Lewis Hamilton wants choice on new 'halo' protection device
Triple world champion Lewis Hamilton says the new 'halo' head protection device is "too drastic" and wants to be able to choose whether to use it.
The Mercedes driver, 31, has already described it as the "worst-looking" modification in Formula 1 history.
"I understand safety is a huge issue and something we have to work towards, but this is not the one," he said.
Ferrari's Sebastian Vettel said the device can be as "ugly as possible" as long as it helps save lives.
The German, a four-time world champion, said Henry Surtees and Justin Wilson would "still be around if we had this type of system".
Surtees and Wilson were both killed when hit by debris while racing in other forms of motorsport.
"Nothing justifies not having these guys around anymore," said Vettel.
Hamilton said F1 cars had lost "the cool look they used to have in the 1980s and 1990s", adding: "It is not F1 for me.
"If they do implement it, I hope we have a choice of whether we have to use it and are not forced to, because ultimately it is our safety."
What is the 'halo'?
It is a structure that fits over the cockpit to protect the driver from flying debris, but retains an F1 car's open feel.
A prototype version has been tested by Ferrari at this week's final pre-season test in Barcelona, with a view to it being rolled out to all cars in time for 2017.
Why is it being introduced?
To protect drivers from large pieces of flying debris following a series of deaths and injuries across motorsport.
It has the support of the Grand Prix Drivers' Association, of which the vast majority of drivers are members.
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Who came up with it?
The design was agreed by all the teams and sport's governing body, the FIA, after years of research.
However, it is not necessarily the definitive design that will be used next year as further testing still needs to be done on the strength of the mounting points.
Has there been much reaction?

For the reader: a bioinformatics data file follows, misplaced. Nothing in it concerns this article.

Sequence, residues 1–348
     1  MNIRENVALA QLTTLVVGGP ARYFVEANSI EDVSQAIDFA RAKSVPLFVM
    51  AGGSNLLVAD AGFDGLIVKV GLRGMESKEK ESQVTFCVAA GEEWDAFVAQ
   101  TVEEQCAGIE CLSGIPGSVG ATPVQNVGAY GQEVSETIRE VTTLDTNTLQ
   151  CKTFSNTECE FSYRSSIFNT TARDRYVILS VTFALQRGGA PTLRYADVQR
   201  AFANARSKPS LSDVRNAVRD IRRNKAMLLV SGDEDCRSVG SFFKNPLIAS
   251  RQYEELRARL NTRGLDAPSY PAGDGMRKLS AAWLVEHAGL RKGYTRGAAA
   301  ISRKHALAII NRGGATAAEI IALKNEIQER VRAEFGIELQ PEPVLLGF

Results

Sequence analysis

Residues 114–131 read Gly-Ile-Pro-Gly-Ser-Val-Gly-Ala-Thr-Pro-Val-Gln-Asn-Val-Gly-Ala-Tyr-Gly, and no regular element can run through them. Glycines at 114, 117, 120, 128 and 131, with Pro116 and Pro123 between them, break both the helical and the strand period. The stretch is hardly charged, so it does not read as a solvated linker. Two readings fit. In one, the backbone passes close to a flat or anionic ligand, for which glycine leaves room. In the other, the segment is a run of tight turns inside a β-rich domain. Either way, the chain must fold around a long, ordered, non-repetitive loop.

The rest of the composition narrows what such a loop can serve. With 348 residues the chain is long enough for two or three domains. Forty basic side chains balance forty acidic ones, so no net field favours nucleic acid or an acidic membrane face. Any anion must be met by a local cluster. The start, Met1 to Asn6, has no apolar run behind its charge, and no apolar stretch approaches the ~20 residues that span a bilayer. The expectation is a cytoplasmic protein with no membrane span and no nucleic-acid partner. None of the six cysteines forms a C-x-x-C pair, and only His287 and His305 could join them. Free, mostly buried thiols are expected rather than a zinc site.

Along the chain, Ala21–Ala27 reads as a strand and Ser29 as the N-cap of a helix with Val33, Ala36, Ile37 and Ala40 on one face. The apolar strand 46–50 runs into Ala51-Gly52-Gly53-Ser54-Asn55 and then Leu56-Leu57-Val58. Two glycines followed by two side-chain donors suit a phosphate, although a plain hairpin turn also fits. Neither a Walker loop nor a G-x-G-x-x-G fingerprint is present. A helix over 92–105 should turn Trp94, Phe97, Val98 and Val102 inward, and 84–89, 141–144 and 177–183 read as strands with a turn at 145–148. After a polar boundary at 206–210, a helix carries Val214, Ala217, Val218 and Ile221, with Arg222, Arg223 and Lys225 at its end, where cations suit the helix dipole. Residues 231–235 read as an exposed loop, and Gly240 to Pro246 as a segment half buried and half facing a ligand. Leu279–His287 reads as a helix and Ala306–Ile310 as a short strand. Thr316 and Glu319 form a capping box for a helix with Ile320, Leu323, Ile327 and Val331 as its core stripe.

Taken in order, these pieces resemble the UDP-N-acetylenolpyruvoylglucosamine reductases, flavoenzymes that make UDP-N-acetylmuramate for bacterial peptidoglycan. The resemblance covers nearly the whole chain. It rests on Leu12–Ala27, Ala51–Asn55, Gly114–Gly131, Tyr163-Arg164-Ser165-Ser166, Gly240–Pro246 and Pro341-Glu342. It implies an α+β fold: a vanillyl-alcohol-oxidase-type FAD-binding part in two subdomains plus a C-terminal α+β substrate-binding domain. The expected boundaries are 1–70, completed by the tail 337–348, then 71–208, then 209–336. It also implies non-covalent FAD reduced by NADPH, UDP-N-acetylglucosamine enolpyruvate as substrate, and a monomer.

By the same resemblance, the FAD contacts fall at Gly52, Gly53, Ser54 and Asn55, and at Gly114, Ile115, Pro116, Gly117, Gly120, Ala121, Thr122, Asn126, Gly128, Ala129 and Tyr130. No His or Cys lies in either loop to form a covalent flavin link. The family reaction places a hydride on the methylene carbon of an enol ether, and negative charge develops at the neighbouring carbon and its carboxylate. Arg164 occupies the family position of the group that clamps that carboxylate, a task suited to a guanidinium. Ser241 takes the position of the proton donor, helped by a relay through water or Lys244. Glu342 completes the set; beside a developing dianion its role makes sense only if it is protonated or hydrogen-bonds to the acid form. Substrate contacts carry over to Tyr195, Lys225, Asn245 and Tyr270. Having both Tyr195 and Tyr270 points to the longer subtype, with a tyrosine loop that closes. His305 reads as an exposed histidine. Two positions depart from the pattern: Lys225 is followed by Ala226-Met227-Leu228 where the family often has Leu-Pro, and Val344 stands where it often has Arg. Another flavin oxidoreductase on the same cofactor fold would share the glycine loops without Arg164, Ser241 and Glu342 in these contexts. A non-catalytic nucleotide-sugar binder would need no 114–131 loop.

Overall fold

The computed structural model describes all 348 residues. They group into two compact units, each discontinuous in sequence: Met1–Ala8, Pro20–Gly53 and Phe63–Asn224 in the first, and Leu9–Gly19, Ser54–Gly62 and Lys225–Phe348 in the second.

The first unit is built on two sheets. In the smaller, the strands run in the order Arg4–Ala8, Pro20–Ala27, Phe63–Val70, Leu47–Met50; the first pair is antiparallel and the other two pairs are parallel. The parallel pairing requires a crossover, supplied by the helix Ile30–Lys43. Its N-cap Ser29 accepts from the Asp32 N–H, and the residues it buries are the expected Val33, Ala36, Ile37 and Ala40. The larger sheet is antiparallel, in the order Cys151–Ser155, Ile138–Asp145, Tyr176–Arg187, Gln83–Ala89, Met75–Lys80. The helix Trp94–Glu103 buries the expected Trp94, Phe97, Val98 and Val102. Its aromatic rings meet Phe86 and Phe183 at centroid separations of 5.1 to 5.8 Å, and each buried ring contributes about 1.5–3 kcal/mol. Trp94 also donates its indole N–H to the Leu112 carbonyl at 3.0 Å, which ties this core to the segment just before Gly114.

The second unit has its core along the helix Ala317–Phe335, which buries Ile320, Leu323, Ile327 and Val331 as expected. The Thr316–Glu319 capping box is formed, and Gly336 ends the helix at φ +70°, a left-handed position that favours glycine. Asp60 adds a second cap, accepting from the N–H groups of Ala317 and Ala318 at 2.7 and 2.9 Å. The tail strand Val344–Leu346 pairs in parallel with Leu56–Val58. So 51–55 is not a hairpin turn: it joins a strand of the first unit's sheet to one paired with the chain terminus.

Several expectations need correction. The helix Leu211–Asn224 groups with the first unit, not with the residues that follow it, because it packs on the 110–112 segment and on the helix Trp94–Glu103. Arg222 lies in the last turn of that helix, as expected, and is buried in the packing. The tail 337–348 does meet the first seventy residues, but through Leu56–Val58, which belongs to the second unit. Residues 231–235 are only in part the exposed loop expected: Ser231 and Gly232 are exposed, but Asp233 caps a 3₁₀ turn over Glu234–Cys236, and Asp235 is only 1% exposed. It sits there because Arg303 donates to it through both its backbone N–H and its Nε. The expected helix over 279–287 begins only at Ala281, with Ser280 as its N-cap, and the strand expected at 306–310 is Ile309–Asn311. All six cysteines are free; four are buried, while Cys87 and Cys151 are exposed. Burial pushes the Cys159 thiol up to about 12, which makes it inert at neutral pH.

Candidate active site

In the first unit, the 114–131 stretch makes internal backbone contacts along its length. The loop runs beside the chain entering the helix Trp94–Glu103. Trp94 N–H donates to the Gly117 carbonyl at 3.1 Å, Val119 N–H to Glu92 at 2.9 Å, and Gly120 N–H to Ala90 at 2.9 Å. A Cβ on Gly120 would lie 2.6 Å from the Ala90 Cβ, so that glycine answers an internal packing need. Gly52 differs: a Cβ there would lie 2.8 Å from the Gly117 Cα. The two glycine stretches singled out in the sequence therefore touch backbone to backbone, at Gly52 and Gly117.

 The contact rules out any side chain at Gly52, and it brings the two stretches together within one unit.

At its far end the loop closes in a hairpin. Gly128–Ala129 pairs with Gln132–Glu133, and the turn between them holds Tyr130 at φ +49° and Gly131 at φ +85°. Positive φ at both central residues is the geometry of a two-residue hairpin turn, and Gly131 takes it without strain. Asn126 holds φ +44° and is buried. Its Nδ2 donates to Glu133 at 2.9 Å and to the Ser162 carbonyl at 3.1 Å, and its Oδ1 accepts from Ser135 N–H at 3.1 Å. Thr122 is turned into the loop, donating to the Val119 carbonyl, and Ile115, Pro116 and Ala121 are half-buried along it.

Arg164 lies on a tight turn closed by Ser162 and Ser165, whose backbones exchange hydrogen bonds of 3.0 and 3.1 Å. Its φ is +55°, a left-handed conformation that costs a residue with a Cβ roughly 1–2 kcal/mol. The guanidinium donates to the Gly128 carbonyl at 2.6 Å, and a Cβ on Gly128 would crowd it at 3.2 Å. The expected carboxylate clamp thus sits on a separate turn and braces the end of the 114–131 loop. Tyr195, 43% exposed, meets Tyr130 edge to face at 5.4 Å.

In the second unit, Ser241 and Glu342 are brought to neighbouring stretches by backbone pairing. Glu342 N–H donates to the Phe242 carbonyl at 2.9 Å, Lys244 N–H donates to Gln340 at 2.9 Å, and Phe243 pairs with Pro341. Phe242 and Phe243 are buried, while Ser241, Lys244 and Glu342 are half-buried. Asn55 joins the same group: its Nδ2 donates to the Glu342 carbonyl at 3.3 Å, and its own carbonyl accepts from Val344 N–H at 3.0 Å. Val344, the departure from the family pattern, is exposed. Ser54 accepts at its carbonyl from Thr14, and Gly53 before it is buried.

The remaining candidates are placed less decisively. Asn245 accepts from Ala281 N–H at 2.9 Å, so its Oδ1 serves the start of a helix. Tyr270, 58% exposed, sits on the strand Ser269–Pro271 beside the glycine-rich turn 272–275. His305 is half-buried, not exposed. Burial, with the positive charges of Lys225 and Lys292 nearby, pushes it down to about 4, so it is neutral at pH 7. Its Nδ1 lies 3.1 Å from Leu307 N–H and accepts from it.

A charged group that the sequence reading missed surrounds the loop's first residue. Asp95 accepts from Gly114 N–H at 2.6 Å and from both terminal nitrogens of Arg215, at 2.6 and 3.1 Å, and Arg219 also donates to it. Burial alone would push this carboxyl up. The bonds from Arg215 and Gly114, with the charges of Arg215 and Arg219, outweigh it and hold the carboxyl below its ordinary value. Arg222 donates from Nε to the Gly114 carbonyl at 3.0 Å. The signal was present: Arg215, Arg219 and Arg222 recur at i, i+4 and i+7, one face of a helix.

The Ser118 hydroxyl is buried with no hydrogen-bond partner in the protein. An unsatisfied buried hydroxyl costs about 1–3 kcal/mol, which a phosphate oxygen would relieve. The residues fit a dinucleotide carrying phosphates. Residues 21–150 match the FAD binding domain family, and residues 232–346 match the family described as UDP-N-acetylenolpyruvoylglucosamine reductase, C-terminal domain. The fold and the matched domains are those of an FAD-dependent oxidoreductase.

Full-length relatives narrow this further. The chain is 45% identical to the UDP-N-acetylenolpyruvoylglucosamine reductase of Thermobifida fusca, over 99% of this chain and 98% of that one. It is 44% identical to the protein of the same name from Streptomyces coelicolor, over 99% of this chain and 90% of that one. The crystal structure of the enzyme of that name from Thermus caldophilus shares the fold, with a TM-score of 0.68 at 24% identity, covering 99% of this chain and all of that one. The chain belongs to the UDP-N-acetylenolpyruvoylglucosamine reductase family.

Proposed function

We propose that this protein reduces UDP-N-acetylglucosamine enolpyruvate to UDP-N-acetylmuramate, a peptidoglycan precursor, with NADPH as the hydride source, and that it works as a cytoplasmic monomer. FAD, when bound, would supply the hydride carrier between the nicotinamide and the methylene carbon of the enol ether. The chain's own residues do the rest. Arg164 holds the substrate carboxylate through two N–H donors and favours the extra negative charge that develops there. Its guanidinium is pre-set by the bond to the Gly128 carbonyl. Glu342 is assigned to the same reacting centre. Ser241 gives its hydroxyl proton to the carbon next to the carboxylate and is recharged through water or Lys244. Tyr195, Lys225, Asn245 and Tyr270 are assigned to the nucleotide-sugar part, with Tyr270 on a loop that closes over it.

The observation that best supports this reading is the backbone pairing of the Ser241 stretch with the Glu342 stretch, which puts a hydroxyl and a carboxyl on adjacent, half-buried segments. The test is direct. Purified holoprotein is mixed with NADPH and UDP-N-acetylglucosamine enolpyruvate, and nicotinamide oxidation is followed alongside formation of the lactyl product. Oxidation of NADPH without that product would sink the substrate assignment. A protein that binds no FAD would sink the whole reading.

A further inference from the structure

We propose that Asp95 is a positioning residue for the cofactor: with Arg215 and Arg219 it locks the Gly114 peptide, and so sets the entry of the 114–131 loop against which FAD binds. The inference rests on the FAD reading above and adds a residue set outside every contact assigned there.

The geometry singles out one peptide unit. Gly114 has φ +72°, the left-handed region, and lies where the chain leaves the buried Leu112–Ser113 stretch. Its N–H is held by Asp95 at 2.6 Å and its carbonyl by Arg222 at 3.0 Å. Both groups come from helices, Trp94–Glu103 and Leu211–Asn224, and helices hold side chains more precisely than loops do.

You've read what Hamilton and Vettel think, but other drivers have had their say, too.
It's fair to say that the 'halo' has split opinion, with some drivers all for it and others against because it 'sterilises' the sport.
Does it work?
Vettel thinks it will, but it remains to be seen. Some observers have questioned whether it could restrict visibility.
Former world champion Kimi Raikkonen, who did two laps with it on Thursday, said his view was "a bit limited in the front" but said the design could still be tweaked.
Ferrari team-mate Vettel said "you can see what you need to see", adding: "I tested it in the simulator and I think we will see evolutions of it very soon."
So who is against it?
Hamilton, obviously, but Force India driver Nico Hulkenberg is not a fan either.
The German insists F1 needs to retain an element of danger to remain "sexy and attractive".
And who is for it?
Two-time world champion Fernando Alonso says it is a "step in the right direction" because "head protection is the weakest link in safety".
Hamilton's team-mate Nico Rosberg thinks the device is "quite cool" to look at and a "really massive step in safety".
Red Bull's Daniel Ricciardo commented: "The cars from 2008 to 2009 had a big change [visually], the cars were ugly. The halo isn't as dramatic as that."
"I heard Hulkenberg say some things I don't agree with, because there's no need to be a hero about the situation.
"It doesn't change the sport, or the speed of the car - it's just if there are any flying objects, it's an extra bit of protection for us.
"I don't know why he's puffing his chest out for something like that, it doesn't make sense."
What other options are there?
Red Bull are proposing a different solution, which one source described as a "half canopy".
Team boss Christian Horner says they plan to run it on a show car next month, but one senior insider told BBC Sport that the design "doesn't look very promising".
What happens now?
F1 bosses are pressing ahead with plans to introduce the 'halo' in 2017.
It still needs some fine-tuning - and the mounting points to the chassis have not been subject to comprehensive load-testing yet - but it seems inevitable that F1 cars will feature a design similar to that seen on the Ferrari this week.